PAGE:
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NFL Rules: A matter of safety or a manner of showmanship?

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via wodumedia.com

You always talk about a running game, but, Tony, who gives a shit as long as you're winning? People want to see passes, touchdowns, high scores. That's the game today.


Yet another famous scene from that old famous movie. Just like so many other themes from that movie, I find myself understanding and relating to it now, even better than I did when it actually came out.

Are these gaudy passing numbers by design? Are these new safety rules about entertainment value?


The NFL IS more and more a passing league. As FOX's Scott Fujita pointed out, the first week of this season, NFL teams threw for a combined 8,143 passing yards, the highest total in NFL history. Not Week 1 history. League history. He continues to point out all the rules that make this happen. "Defenseless receivers" are protected, opening up high percentage routes that were previously off limits for fear of the "enforcer" DB. Meanwhile those same rules limit DBs tools to defend those routes.

Offensive holding calls go unflagged week after week. Sure, some get called, but OCs know they don't get called nearly as often as they happen. Complaints in the blogs about Brian Orakpo and Ryan Kerrigan being held get dismissed with "everyone gets held, they need to find a way to deal with it."

Ok, so its now harder to shut down the receivers and harder to get to the quarterback. Oh yeah, the quarterbacks. AKA "The Signal Caller" AKA "The face of the franchise" AKA "The lion's share of all your team's money before everyone else gets to pick over leftovers". Oh yes, we love our Quarterbacks, so much so that allotting about 10% of your TOTAL salary cap to a solid veteran QB is considered the norm for a front office. Check these percentage allotments for every team here.

Quick name and rank the top five big name QBs? How about the highest paid? Ok now the top five best paid RBs? Its no wonder of the 16 players in the NFL making >100M$ 13 are QBs. Oh and you few teams who aren't shelling out the bucks for a QB? Well, maybe you're LUCKy and have a cheap rookie star. Don't get too comfy Washington, Seattle or Indy, because the smart analysts say you'd better be stacking up your surrounding rosters now to absorb the inevitable hit. When those rookie contracts expire those guys are going to want their money and you WILL pay it. Right now your rookie phenom is merely a credit card with a great introductory APR.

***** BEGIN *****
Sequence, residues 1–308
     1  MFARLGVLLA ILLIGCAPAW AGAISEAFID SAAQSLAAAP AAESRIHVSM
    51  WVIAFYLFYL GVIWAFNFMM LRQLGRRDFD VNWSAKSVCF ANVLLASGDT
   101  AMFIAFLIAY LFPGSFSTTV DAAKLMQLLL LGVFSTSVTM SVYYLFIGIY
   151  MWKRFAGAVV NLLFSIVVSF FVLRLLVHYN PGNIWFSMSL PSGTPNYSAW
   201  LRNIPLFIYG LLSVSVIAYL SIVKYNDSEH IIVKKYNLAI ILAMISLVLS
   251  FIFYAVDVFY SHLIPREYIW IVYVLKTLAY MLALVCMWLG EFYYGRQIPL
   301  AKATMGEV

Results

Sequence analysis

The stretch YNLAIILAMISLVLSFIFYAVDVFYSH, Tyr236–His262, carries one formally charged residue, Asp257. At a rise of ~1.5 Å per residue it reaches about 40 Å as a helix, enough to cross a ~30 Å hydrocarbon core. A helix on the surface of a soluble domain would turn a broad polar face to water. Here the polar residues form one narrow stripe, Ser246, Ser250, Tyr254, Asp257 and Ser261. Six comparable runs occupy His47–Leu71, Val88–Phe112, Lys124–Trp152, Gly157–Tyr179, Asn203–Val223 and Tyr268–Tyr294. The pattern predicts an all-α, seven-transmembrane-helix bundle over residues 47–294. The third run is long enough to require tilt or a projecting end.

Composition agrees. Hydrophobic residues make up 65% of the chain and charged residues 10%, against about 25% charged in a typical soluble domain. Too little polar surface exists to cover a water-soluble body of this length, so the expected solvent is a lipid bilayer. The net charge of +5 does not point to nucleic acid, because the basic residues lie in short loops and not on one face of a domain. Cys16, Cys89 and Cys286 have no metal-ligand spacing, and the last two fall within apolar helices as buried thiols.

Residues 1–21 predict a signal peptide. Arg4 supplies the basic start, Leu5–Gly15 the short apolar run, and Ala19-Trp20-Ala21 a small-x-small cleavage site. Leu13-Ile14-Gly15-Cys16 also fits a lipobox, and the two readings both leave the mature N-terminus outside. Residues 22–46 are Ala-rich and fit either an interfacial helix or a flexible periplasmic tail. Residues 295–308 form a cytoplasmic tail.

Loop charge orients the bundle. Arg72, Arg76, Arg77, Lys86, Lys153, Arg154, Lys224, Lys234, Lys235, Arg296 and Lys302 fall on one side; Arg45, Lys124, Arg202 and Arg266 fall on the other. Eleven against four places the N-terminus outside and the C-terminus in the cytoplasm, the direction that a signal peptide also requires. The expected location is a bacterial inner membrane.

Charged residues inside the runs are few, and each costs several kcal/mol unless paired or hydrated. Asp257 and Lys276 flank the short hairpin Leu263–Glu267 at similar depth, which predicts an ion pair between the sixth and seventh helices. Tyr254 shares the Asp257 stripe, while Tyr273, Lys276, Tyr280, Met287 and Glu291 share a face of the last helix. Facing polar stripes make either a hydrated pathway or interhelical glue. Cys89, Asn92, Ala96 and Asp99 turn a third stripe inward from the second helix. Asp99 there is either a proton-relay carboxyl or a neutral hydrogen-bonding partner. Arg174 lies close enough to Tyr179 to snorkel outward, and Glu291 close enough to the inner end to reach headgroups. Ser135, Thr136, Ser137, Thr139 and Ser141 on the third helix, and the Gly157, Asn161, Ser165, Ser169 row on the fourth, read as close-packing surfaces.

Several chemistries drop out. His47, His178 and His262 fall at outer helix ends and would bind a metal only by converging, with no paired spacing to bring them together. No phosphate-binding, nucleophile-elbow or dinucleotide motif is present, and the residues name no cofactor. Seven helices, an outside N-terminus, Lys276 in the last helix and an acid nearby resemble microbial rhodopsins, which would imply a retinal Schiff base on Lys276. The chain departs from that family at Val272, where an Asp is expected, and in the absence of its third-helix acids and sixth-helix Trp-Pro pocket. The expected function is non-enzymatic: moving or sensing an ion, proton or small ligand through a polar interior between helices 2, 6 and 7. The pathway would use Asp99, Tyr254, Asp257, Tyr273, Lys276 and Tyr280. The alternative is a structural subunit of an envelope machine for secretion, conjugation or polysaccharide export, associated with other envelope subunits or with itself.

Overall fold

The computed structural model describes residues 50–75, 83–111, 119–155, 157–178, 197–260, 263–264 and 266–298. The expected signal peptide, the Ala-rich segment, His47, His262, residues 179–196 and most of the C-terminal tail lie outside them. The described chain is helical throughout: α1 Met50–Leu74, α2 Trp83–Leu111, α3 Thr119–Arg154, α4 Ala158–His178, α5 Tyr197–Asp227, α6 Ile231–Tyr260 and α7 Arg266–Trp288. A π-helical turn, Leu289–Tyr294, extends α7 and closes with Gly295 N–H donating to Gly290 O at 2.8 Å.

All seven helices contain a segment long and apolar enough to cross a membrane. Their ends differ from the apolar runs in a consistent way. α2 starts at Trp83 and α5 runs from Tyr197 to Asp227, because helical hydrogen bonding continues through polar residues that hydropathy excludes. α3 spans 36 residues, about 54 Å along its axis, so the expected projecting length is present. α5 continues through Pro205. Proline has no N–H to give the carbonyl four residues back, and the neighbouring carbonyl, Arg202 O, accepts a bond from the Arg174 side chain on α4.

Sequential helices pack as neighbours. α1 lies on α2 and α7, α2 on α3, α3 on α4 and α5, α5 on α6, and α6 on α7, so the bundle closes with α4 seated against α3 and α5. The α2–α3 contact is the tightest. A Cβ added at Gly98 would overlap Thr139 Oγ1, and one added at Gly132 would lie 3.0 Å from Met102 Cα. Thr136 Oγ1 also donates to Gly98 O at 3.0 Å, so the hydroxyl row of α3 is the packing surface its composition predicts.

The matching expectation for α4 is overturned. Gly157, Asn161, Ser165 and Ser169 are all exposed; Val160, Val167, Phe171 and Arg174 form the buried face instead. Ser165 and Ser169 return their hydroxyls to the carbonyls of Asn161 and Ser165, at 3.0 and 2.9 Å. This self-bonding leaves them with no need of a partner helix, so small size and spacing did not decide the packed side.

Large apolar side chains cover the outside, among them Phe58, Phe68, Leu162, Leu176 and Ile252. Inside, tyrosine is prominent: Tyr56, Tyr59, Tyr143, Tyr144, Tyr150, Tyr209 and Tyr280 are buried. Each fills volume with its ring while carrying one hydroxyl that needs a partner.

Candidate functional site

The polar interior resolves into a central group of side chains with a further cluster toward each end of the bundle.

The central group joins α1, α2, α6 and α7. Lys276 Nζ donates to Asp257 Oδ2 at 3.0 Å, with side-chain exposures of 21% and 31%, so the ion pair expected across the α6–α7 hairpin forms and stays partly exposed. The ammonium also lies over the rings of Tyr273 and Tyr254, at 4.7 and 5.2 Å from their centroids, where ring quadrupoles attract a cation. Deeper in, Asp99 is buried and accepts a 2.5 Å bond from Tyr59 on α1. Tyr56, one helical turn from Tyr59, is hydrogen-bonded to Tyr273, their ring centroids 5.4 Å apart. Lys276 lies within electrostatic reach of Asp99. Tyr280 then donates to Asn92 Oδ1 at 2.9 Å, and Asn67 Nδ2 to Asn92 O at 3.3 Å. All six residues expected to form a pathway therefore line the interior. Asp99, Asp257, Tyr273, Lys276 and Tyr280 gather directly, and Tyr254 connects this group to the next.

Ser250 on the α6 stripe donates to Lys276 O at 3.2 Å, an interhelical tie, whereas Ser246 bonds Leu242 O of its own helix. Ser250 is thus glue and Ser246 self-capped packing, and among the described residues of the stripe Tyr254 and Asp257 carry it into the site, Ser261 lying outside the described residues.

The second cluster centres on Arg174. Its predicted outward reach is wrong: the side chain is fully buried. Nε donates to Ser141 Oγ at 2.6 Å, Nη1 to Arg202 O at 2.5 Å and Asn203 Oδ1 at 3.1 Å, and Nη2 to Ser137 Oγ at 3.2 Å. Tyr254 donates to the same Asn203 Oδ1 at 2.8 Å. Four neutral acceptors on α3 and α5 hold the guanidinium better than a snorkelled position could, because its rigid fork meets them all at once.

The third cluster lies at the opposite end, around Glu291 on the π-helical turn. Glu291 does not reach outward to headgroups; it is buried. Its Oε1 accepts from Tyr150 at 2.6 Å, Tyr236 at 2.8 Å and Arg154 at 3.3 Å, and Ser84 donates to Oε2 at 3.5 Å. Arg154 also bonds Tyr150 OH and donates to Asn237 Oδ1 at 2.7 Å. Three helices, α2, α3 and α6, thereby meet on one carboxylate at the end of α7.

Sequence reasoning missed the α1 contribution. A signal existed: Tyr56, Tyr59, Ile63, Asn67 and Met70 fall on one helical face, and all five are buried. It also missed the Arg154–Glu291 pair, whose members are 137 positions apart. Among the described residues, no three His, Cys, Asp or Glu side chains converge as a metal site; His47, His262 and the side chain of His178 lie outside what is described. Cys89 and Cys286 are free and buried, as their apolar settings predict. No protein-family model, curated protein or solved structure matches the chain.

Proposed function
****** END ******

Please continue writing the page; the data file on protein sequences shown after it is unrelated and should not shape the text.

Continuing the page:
The only other cheap QBs... suck. As we said before, this is a passing league where you are either a have or a have not. (Why else is a QB worth 100M$ or worth trading away almost as many draft picks as you have fingers on your right hand?). But boy do we protect that investment. As long as Eli Manning is in the pocket, you get a fine and 15 yards if you cough on him after the ball leaves his hand. Meanwhile big brother superstar Peyton taking a questionable hit is the talk of the NFL. Mind you, two weeks earlier, when that same defender tried to rip Alfred Morris's head off by the facemask... nothing. (I would have included a link to an article or picture about it, but THERE ARE NONE.) Hey, its just a running back right?

So what have we learned? The rules in place favor protecting quarterbacks, protecting wide receivers and helping both to rack up more yards and completions. Ok. Why? "Safety?" I think not. I propose that it's about excitement. Old school fundamental smash mouth, ground and pound football is a thing of beauty if you understand what you are looking at. Its a brilliant exhibition of strategy, willpower and athleticism, if you understand what you are looking at. Unfortunately, if you DON'T know what you are looking at, its seems boring as crap.

You know what's not boring? Touchdowns. High Scores. The moment of anticipation watching the camera zoom in on a ball flying through to air to a leaping receiver. Will he catch it? I don't know. I'm riveted. Will he? Won't he? Catch! TOUCHDOWN! Elation!!!

Face it. The passing game is flashy. Its thus exciting to watch. Its also very easy for the casual fans and the brand new to understand and be entertained by. The passing game is exciting football for the masses. Its showmanship. If there is one thing Mr. Roger we-gots-to-thicken-our-F*n-revnue-stream Goodell wants, its to expand past the current die hard core fan base. Maybe he is taking a page out of Ms. Pagniacci's book. Maybe I just watch too many movies.

What do you think? Is the NFL intentionally skewing towards the offense and the passing game in order to promote a more dynamic, high flying presentation for the viewers?

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